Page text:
Monday, February 17, 2020

What Should Authors Do To Overcome Email Siberia?

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What should authors do when their e-blasts to the news media seemingly go nowhere, when they don’t even get a lot of rejection but they do get a ton of silence. They may even wonder if the email made it past spam filters or gatekeepers. Did the media even see what you sent?

You have three options:

·         Quit.
·         Try again.
·         Hire a pro.

Ok, maybe there is a fourth option: break your computer?

The first choice is not a real option, unless you don’t believe in yourself and feel like being a loser is your destiny.

The third option is a consideration, if you have the resources and believe a pro can do it better.

The second choice is a no-brainer. Of course you try again.  And again.  And again.

Certainly, there are any number of reasons why you didn’t receive a response, ranging from short-staffed media that didn’t get to it, to spam filters that blocked you because of attachments, certain, words in your email's, or your history as a spammer, to your emails subject  line was not captivating enough to warrant a full reading of your email. That’s okay -- you can fix any and all of these things. 

Not only can you send out a new email -- attachment free – with a better subject line and the exclusion of spam-catching words – you can change who you send it to. You can also go beyond email and contact the media via:

·         Phone
·         Snail Mail
·         In-Person
·         Social Media

Sometimes it seems like no one is listening to you, and if they are, you feel rejected. Pursuing the media is like pursuing your high school crush. Intimidation, insecurity, and rejection fill your mind. Relax.  Move on and keep trying.

I can guarantee this:  If you have a great story idea, say it succinctly and persevere. Someone in the media will respond favorably. Maybe even a few someones. Once you start to get some traction, your confidence builds, and the media starts to see you differently. Media begets media, just as fear and defeat breed fear and defeat.

Remember you can track the media down in all kinds of ways. For instance, you can call someone at a media outlet, like the person who covers sports, and tell them you were accidentally transferred to them, and then ask that person to send you to whom you are trying to reach. The person is likely to take a call when a colleague phones them.  See, a trick.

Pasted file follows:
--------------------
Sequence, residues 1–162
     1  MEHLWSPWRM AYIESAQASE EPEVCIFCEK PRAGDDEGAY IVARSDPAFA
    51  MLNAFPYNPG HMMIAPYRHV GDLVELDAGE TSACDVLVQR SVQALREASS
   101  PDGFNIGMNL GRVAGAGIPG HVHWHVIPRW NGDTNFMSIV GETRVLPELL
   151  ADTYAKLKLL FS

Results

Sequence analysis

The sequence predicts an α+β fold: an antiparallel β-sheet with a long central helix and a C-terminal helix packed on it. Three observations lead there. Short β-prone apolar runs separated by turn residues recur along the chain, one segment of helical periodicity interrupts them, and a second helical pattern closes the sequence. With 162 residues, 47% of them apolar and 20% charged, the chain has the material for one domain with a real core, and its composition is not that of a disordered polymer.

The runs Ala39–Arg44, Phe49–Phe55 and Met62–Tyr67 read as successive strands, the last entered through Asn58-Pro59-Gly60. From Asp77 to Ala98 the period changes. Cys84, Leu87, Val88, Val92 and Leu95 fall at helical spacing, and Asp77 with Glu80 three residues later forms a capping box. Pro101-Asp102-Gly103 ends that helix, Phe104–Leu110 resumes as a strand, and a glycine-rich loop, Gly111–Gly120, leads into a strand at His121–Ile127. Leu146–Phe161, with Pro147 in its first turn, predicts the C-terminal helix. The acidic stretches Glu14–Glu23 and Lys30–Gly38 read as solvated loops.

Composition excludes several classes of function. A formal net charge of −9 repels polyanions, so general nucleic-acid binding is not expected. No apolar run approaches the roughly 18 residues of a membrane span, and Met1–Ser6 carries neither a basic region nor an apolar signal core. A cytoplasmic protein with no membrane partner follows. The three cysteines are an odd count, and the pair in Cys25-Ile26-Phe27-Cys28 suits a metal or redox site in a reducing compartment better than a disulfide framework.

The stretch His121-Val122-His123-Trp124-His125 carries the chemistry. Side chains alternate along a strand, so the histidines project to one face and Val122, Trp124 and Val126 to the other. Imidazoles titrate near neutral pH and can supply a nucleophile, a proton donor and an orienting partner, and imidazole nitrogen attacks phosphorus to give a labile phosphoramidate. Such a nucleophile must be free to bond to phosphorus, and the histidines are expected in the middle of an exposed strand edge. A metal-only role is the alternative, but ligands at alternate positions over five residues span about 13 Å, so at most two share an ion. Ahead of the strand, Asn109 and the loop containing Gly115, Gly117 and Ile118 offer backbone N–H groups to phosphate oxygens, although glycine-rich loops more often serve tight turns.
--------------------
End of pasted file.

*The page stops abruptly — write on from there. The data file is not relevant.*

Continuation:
With email, the first thing you should do is make sure you have the right email address. Next, make sure it’s for a specific person and not a general mailbox for a media outlet or a section of it. Third, make sure you aren’t getting blocked. You should use Mail Chimp or Constant Contact or other email companies. They have a better success rate of getting through than using your own email.

Another thing to consider is that it takes multiple queries in multiple formats to reach someone, especially an important person at a bigger media outlet. Keep pushing.  Diversify your approach and message.

But if you feel like throwing in the towel, because you are not cut out to play the book marketing game, I urge you to at least hire a book publicist or marketer to do things on your behalf. They could have the magic touch. Or they could fail almost as badly.

It depends on how smart, lucky and connected they are. It also depends on your book and message. If you have a dud on your hands, even being best friends with Oprah won’t help you!

The media can be picky, cranky, busy, dumb, biased, or simply not friendly. Don’t worry about any of that. Each day, keep hacking away.  If you believe in yourself, hopefully someone else will too.


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Brian Feinblum’s insightful views, provocative opinions, and interesting ideas expressed in this terrific blog are his alone and not that of his employer or anyone else. You can – and should -- follow him on Twitter @theprexpert and email him at He feels much more important when discussed in the third-person. This is copyrighted by BookMarketingBuzzBlog ©2020. Born and raised in Brooklyn, he now resides in Westchester. His writings are often featured in The Writer and IBPA’s Independent.  This was named one of the best book marketing blogs by Book Baby and recognized by Feedspot in 2018 as one of the top book marketing blogs. Also named by as a "best resource.” He recently hosted a panel on book publicity for Book Expo America.

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